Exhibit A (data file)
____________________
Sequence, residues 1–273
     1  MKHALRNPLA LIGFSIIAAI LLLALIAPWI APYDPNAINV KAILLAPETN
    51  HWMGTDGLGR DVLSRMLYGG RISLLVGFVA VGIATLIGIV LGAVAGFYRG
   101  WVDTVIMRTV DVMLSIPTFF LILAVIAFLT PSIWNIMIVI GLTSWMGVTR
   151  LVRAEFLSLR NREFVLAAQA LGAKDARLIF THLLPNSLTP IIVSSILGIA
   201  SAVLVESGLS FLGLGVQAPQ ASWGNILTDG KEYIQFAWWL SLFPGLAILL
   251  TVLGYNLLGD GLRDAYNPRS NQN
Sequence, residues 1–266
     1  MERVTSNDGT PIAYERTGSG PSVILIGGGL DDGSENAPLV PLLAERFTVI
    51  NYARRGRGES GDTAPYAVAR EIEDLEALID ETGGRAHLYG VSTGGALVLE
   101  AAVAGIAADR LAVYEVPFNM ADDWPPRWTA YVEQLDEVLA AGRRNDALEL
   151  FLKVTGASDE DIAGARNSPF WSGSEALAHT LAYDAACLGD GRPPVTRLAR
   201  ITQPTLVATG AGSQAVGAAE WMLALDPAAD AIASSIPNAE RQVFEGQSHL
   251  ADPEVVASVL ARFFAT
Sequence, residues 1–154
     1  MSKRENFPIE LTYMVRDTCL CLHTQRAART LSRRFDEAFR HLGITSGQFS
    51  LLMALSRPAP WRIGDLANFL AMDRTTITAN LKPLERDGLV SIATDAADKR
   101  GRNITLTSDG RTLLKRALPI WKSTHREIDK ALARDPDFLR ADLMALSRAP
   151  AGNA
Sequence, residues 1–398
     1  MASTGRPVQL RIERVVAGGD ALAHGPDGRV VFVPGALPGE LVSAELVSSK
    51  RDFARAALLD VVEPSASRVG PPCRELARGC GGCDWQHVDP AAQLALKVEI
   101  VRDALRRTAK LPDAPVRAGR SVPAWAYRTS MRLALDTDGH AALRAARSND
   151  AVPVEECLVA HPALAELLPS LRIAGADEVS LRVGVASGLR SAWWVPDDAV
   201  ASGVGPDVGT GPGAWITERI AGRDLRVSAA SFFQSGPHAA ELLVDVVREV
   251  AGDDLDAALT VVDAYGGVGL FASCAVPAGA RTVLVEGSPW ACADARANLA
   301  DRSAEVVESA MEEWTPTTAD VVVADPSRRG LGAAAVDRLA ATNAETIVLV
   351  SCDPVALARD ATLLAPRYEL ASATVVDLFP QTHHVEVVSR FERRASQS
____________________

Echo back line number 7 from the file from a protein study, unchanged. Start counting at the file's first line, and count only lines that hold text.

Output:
   251  TVLGYNLLGD GLRDAYNPRS NQN